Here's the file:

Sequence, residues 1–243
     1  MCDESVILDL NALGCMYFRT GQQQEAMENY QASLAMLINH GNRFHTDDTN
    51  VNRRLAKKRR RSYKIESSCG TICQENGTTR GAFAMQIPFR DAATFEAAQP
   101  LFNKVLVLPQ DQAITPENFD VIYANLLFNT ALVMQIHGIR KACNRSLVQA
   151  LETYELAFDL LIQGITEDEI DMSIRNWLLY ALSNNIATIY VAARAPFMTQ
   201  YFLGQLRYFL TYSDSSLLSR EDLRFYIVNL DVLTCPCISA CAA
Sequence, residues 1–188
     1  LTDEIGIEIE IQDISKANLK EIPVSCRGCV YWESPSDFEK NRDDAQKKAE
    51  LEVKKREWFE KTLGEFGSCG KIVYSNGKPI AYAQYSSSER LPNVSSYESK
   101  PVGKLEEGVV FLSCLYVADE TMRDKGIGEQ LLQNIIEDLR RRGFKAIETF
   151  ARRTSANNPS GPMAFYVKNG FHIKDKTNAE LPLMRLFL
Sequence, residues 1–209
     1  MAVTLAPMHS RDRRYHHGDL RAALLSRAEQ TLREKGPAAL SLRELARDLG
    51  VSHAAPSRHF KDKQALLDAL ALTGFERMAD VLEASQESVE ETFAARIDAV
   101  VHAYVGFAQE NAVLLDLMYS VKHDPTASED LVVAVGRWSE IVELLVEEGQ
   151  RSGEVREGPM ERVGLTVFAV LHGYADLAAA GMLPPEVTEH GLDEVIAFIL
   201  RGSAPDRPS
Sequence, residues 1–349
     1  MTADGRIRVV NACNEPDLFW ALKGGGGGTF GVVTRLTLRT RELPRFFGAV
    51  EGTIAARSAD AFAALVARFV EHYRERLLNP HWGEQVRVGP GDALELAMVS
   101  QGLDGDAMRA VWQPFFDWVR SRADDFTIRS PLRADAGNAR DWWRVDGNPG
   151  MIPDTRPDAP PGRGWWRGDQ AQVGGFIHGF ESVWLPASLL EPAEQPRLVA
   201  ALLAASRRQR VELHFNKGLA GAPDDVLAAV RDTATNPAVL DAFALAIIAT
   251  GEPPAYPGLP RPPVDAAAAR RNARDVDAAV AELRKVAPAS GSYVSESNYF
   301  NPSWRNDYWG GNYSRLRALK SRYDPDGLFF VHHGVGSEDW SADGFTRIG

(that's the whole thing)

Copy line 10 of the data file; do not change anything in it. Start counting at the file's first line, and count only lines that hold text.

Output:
   101  PVGKLEEGVV FLSCLYVADE TMRDKGIGEQ LLQNIIEDLR RRGFKAIETF